In [19], authors presented a new criterion called Global Avalanche Characteristics (GAC) to measure the global avalanche properties of cryptographic functions. In this work, two indicators for the new criterion were introduced. One predicts the cross sum and the other predicts the absolute avalanche characteristics of a function. However, in order to achieve good diffusion, cryptographic functions should achieve low scores on both indicators.

In [20], authors presented in this work the first powerful cryptanalysis technique applied to symmetric key block ciphers: differential cryptanalysis. In the subsequent work [21], they cracked the FEAL cipher and recently they succeeded in cracking the full 16-round DES cipher by attacking with selected plaintexts [22].

Linear cryptanalysis was presented by [23] as a theoretical attack on the Data Encryption Standard (DES) and later successfully used in practical cryptanalysis of DES [24].

A study in [25] introduced a new type of attack, the algebraic attack, which was also presented in [26] [27]. Algebraic attacks involve recovering a secret key by solving over-defined systems of algebraic multivariate equations over GF (2). To defend against such attacks, many authors have focused on proposing Boolean functions that do not have a good linear approximation and are correlation-immune with respect to a subset of several input bits, see for example [28].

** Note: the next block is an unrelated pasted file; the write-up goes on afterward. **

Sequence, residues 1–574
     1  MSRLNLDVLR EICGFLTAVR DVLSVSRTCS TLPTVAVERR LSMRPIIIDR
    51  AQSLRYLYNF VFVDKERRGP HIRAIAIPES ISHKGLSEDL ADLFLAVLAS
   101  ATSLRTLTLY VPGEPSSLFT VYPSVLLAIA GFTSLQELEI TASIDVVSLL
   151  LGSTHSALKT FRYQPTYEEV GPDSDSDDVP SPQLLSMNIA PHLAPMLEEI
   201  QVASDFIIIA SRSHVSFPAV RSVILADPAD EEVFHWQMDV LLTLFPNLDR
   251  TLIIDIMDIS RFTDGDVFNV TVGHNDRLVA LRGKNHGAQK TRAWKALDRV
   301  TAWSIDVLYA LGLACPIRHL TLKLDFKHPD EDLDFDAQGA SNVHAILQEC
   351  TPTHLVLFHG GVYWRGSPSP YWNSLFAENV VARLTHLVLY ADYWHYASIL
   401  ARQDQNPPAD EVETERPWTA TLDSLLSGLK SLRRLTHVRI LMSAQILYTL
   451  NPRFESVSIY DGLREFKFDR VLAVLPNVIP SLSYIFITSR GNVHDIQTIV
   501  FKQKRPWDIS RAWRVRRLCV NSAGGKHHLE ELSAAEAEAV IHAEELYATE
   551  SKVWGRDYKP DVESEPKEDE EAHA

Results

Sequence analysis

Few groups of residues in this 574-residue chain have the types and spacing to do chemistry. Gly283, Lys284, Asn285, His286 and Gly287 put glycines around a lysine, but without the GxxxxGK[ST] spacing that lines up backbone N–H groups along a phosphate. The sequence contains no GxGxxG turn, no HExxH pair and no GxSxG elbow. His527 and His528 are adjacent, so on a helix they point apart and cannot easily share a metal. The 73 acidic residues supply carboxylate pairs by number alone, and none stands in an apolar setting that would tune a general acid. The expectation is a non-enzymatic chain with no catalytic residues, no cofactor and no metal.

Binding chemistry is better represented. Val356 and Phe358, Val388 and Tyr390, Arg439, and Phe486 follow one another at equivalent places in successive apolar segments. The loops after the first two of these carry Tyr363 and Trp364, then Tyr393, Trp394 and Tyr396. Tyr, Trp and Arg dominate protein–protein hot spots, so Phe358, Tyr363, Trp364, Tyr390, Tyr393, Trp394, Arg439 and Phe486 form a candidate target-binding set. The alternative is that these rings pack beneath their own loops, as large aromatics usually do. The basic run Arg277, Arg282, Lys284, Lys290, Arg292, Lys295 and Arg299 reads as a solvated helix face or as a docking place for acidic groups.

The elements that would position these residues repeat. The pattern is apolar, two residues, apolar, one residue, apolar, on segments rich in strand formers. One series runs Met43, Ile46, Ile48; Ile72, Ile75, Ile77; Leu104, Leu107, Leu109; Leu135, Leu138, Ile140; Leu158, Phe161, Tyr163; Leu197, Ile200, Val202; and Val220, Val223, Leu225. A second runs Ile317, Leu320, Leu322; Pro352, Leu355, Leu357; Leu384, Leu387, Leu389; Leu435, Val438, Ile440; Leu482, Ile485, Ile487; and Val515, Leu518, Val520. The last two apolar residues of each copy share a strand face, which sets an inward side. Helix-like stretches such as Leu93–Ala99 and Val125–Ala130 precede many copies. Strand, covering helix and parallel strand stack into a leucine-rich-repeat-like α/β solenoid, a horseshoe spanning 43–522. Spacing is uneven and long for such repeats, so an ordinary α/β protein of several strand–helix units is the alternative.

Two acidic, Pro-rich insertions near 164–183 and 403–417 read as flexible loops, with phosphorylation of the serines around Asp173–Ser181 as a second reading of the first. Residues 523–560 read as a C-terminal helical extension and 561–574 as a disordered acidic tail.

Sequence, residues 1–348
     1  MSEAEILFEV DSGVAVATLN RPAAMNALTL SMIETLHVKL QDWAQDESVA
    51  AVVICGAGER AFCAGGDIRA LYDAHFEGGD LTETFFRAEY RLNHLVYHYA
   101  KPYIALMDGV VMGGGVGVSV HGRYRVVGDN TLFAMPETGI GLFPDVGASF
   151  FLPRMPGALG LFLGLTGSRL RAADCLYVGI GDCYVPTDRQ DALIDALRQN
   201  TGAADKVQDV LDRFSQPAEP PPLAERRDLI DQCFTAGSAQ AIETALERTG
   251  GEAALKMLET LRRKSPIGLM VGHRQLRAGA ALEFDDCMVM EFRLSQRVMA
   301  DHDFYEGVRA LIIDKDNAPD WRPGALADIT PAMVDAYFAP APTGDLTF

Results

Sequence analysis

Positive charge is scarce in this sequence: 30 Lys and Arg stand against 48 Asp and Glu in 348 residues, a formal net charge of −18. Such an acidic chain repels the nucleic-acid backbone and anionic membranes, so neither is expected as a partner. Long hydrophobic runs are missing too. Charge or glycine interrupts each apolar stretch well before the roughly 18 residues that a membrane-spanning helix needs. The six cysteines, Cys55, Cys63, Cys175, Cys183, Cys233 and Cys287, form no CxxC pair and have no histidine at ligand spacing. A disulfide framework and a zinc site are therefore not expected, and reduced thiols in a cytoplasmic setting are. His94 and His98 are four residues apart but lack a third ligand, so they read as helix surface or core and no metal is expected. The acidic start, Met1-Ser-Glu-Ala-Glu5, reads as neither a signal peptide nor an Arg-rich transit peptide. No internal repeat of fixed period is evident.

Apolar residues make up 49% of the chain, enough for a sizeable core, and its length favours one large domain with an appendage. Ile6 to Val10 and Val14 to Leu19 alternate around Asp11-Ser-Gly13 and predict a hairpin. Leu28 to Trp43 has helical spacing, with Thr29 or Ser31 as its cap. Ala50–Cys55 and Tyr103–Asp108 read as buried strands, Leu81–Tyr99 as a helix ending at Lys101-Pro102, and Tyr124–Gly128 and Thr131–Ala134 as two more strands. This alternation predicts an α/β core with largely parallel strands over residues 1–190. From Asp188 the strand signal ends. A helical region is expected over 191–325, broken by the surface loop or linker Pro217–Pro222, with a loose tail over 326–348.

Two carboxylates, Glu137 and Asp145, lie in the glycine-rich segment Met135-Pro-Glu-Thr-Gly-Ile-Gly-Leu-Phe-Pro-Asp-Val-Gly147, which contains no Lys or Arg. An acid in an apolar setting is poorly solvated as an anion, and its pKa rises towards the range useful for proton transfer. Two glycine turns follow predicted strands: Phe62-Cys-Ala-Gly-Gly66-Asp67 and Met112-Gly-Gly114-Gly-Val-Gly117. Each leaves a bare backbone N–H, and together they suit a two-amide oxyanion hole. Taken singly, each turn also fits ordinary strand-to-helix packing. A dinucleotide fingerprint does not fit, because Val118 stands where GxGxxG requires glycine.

In a study [29], authors A elaborated on aspects of cryptographic properties of 4-bit S-boxes with Generation and Analysis of crypto secure S-boxes such as Output Bit Independence Criterion (BIC), SAC, Higher order SAC, Extended SAC, Linear Cryptanalysis, Differential Cryptanalysis, and Differential Cryptanalysis as well as Linear Approximation Analysis. It tells 4-bit S-boxes are better S-boxes than the 32 4-bit DES S-boxes. Boolean functions are in general lead to fast small times due to operating speeds on binary values rather than integers.